Can exposure to some medicines contribute to Non-Alcoholic Fatty Liver Disease?

Yes. Some medicines can lead to non-alcoholic fatty liver disease (NAFLD). However, the condition is not very common, depends on pre-existing condition of the person including his sensitivity towards the drugs and also on the dosage of the drugs consumed.

For example, Acetaminophen, a drug used to treat mild to moderate pain during menstrual periods, toothaches, backaches, osteoarthritis etc. has shown to lead to various degrees of liver damages after overdoses. Research suggests that though acetaminophen (APAP) is usually considered as a safe drug, this painkiller can lead to acute liver failure after overdoses.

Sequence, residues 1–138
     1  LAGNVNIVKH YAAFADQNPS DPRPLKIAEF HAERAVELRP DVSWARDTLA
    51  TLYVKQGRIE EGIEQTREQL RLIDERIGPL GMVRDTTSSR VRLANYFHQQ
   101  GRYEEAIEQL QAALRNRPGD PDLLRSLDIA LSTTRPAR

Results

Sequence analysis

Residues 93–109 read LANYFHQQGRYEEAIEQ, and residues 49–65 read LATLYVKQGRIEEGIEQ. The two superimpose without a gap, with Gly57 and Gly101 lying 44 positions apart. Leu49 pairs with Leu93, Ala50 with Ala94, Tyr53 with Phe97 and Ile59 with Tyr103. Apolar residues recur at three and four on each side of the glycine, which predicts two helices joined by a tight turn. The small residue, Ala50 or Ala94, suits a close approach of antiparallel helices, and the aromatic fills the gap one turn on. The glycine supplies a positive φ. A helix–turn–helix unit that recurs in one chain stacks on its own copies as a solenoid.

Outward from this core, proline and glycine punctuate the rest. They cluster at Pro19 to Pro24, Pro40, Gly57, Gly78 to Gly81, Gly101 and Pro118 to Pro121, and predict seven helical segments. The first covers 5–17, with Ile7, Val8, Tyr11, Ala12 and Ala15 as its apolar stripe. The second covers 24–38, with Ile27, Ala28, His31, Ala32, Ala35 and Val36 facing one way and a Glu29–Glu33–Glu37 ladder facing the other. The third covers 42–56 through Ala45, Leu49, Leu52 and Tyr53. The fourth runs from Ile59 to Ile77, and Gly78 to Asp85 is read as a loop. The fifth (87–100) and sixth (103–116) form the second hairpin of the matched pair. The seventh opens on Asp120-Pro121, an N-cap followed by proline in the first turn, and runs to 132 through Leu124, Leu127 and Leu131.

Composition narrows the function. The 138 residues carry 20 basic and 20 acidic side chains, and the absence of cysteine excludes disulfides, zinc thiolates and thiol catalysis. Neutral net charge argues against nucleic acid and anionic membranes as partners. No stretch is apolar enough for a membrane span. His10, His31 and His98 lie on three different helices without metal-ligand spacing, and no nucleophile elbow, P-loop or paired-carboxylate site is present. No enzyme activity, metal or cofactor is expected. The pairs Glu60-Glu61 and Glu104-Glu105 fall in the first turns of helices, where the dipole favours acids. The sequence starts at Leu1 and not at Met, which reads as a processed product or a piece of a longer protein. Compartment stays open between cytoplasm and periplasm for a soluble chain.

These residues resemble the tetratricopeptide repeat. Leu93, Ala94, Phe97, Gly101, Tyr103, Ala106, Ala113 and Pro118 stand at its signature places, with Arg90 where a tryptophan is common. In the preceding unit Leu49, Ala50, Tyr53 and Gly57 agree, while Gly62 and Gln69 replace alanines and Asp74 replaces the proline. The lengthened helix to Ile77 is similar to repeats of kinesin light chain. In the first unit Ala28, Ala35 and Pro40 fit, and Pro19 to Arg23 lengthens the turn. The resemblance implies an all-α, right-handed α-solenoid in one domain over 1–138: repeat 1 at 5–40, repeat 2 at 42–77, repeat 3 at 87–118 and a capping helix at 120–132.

Similarly, Adrafinil, used to increase energy, improve athletic performance, for weight loss etc. can break down into Modafinil when it reaches a person’s liver. This process causes the level of key enzymes to increase as there is a strain put upon the liver. But, this process happens over a period of six months after daily consumption.

In case you are prescribed any drug for a long period of time, discuss it’s possible side effects with your doctor and also keep a watch on your physical parameters regularly to stay aware of any health conditions developing as a side effect.

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Disclaimer
Medical Science is an ever evolving field. We strive to keep this page updated. In case you notice any discrepancy in the content, please inform us at [email protected]. You can further read our Correction Policy here. Never disregard professional medical advice or delay seeking medical treatment because of something you have read on or accessed through this website or it's social media channels. Read our Full Disclaimer Here for further information.

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